Here at Triwey, we have already talked a lot regarding the essentiality of organic and healthy eating. With that in mind, if you’ve been following most of these guides I am talking about, then you know that it is pretty easy to eat organic and healthy at home.
After all, you have your own local farmers, you know where the farmers’ markets are located, and even more importantly, you comprehend the labels in shops you visit.
That said, however, the struggle becomes real when you are out traveling in the world at destinations you have never visited before, surrounded by most people you cannot communicate with efficiently.
This challenge is the one that inspired me to create this detailed guide on the 5 eating habits of sustainable travelers. But before we get there, allow me to explain why eating sustainably is essential in the first place. This will help ensure that we’re all on the same page.
What is Sustainable Food?
What really equates to sustainable food? Well, defined simply, sustainable eating means ensuring you go the extra mile towards acquiring meals produced, delivered, and packaged in eco-friendly manners, as well as foods that do not have a high impact on the natural world.
Why is Eating Sustainably Important?
The average American household is reported to spend approximately $7,000 on food each year. Choosing to eat sustainably implies directing a huge amount of this cash to companies that produce and sell sustainably sourced meals.
As you can see, not only will eating sustainably have a massive impact on your wealth, but it will also significantly improve the health of the community you are visiting. Not to mention the fact it slows down climate change.
Now that you understand the basics of sustainable eating, we can skip to the main section of the post and look at the 5 eating habits of sustainable travelers.
Let’s get into this, without further ado.
- Before you leave for your journey
If you’re the kind to stay at hotels when traveling the world, then the first habit you will need to develop will be to research as much as you can about the hotel you will visit. Some of the questions you ought to ask yourself include, where is the nearest organic shop? Does the hotel have breakfast included? Even more importantly, do they offer organic foods?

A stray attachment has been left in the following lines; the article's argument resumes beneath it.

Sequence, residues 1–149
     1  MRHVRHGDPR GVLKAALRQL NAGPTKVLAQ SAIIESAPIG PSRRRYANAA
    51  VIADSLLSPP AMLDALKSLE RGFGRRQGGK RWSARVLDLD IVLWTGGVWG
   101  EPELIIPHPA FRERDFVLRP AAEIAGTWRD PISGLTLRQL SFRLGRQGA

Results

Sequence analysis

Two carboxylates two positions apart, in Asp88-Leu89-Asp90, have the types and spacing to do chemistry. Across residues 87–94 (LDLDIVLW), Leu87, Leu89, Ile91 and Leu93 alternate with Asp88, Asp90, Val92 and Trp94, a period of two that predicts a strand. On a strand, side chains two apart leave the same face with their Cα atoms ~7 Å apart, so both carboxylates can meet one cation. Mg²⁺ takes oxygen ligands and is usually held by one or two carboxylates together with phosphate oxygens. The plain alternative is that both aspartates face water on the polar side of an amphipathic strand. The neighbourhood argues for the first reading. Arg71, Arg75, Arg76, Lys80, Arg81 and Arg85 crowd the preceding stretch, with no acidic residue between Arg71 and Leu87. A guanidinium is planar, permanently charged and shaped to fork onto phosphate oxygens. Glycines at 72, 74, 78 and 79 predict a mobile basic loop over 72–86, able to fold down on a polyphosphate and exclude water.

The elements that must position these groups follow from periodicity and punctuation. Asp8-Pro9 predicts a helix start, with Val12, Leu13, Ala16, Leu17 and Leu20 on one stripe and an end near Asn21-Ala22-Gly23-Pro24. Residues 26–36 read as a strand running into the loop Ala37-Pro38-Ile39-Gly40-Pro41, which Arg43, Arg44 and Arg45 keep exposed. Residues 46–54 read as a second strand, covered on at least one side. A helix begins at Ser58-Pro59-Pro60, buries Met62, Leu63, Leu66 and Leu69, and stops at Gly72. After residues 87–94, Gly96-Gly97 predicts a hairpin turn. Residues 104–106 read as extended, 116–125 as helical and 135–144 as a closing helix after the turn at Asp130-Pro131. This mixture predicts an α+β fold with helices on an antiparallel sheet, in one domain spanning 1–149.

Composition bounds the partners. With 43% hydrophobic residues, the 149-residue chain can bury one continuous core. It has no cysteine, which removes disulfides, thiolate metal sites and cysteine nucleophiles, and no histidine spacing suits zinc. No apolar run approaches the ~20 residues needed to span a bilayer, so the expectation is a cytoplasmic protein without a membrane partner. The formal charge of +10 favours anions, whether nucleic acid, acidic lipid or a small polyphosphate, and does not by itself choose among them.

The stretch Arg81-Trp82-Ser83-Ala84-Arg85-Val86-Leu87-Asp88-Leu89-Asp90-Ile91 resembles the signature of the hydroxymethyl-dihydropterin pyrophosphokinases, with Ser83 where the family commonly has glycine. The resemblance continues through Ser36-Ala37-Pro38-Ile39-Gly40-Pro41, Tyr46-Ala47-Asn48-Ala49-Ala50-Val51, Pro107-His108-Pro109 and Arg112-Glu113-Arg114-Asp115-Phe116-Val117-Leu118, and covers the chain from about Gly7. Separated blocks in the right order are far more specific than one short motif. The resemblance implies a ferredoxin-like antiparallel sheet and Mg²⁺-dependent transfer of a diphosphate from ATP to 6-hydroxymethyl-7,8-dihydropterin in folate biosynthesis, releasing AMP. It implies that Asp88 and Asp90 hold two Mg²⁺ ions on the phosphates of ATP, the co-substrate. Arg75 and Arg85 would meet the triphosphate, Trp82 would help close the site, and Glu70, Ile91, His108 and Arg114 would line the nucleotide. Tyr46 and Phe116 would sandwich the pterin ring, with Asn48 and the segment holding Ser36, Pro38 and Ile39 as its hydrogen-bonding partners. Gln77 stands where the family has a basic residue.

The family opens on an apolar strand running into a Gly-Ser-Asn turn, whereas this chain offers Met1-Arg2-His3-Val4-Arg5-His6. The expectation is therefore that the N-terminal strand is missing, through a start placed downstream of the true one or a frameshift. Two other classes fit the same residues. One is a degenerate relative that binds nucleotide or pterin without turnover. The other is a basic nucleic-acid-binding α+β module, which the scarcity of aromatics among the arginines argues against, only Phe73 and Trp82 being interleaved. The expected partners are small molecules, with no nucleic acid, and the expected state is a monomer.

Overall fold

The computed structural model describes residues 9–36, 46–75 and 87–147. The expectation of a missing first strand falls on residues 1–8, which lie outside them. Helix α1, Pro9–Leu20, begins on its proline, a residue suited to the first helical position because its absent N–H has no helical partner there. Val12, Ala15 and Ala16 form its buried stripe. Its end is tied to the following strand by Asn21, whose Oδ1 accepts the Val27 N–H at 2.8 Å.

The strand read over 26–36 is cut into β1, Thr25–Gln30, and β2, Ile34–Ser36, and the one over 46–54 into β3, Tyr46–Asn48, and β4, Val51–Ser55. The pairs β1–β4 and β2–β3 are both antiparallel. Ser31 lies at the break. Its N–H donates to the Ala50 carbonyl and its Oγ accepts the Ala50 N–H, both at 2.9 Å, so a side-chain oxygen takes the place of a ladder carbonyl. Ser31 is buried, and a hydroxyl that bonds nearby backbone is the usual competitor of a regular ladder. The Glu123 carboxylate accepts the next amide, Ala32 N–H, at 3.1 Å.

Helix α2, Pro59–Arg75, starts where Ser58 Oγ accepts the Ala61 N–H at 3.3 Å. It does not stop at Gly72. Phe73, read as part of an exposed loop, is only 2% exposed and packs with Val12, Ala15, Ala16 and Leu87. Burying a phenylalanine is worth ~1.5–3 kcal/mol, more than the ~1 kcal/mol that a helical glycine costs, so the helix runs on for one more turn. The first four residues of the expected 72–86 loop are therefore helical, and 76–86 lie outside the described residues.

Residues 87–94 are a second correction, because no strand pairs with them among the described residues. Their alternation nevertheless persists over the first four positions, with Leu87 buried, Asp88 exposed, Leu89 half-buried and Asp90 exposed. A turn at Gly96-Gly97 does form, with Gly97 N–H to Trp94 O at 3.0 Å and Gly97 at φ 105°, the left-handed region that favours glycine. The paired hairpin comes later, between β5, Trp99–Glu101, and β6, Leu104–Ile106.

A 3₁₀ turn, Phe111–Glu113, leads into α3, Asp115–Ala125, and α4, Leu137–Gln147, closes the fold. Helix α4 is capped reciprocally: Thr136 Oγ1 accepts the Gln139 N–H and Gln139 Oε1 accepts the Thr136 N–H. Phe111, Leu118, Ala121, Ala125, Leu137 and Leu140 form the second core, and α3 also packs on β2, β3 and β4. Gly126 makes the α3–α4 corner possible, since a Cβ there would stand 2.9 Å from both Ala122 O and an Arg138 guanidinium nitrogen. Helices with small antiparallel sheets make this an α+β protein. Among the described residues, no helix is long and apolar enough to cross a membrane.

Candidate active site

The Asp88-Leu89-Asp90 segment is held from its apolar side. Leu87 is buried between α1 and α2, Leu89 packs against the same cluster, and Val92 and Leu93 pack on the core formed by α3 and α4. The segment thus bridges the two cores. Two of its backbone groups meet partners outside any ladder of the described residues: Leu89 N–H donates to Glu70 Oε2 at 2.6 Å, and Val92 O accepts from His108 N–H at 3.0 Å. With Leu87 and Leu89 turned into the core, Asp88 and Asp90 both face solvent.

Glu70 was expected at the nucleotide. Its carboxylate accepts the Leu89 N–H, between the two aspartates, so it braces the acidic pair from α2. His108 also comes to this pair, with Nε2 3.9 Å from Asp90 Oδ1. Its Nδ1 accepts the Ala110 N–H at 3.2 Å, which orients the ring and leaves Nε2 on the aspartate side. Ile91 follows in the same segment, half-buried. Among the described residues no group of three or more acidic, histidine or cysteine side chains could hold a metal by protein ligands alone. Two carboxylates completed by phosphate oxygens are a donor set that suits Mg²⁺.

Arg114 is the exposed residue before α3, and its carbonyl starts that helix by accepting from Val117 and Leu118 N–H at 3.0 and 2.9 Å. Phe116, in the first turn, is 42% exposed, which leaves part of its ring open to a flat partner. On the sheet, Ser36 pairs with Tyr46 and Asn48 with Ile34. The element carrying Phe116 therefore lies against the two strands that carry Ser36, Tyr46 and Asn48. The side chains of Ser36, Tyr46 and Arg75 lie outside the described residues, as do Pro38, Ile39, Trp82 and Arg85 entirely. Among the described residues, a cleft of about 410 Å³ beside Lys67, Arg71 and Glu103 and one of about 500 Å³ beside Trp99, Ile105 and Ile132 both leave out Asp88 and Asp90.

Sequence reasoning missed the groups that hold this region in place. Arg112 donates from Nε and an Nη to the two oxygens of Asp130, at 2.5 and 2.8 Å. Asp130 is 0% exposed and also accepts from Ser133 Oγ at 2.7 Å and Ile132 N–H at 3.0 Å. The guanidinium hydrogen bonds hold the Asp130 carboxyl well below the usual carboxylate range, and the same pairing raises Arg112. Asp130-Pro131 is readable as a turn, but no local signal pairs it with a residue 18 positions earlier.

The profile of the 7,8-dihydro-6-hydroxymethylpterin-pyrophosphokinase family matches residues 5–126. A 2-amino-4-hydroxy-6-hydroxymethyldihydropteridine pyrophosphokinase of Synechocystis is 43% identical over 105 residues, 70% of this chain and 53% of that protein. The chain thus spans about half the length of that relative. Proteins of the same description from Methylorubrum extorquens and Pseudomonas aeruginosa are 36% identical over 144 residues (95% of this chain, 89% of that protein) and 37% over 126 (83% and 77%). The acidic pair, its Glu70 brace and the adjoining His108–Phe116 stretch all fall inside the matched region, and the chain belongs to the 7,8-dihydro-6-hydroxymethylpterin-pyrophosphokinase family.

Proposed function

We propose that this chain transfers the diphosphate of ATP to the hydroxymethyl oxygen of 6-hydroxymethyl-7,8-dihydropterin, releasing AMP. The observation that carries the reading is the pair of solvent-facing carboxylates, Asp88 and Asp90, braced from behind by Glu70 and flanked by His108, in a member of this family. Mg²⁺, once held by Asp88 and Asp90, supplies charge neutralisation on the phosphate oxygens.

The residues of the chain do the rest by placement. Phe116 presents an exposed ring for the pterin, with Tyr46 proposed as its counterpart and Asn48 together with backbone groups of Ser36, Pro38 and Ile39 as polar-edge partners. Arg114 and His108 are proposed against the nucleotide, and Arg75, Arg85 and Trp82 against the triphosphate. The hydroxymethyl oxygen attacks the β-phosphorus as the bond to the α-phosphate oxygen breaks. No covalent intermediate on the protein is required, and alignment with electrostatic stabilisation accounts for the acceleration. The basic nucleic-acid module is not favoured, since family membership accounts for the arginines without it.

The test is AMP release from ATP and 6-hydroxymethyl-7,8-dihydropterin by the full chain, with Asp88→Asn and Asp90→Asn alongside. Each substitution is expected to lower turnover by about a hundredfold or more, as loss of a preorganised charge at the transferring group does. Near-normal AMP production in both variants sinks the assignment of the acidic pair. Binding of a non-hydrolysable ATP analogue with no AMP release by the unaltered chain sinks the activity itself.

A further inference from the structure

If you still have a hard time settling on a hotel, I suggest you use the service on our homepage. After visiting the homepage, enter your travel destination, when you will visit when you will be leaving the destination, and hit the search button.
A few seconds later, the website should showcase some of the best hotels and eco hotels at your travel destination.
2. Reduce Meat Consumption
Research has consistently shown that animal foods boast a much larger water and carbon footprint compared to their counterparts, plant foods. So, why don’t we stop growing plants to feed our animals and instead start eating the plants directly.
Cutting out the middleman has never been a bad idea.
3. Consider Only Consuming Organic Meals
Around the world, organic food regulations have a reputation for significantly limiting the use of synthetic pesticides used in crop production. These regulations also support more sustainable soil practices, such as manure, composting, and cover crops.
Whole lot of most organic meals have additional advantages as well. Take Apples, for instance. They come with their own protection, their peel, which avoids the need for unsustainable packaging.
4. Reduce Food Waste
Did you know that more than 30 percent of the meals produced in the world go to waste?
Even if the food in question was organic and didn’t use high amounts of fertilizer, fuel, land, and water, the waste can still end up negatively affecting the environment. Why? Well, because the waste will go to a landfill, where it will contribute to air, water, and land pollution.
Feel free to use your leftover vegetables in a salad, soup, casserole, or stir fry if the situation allows. This brings me to the last eating habits.
5. Compost And Reduce Food Waste
Reducing food waste may be quite difficult while traveling, particularly if the hotel you are staying at is responsible for planning what you will eat, as well as the amounts you’re going to eat. It’s practically impossible to control the amount of waste produced in these places.
That said, I did research and find ways that you can contribute and limit the amount that goes to waste. A great example is composting. This is highly beneficial for the environment, as it’ll release and decompose methane. You can also pick a hotel that composts its waste.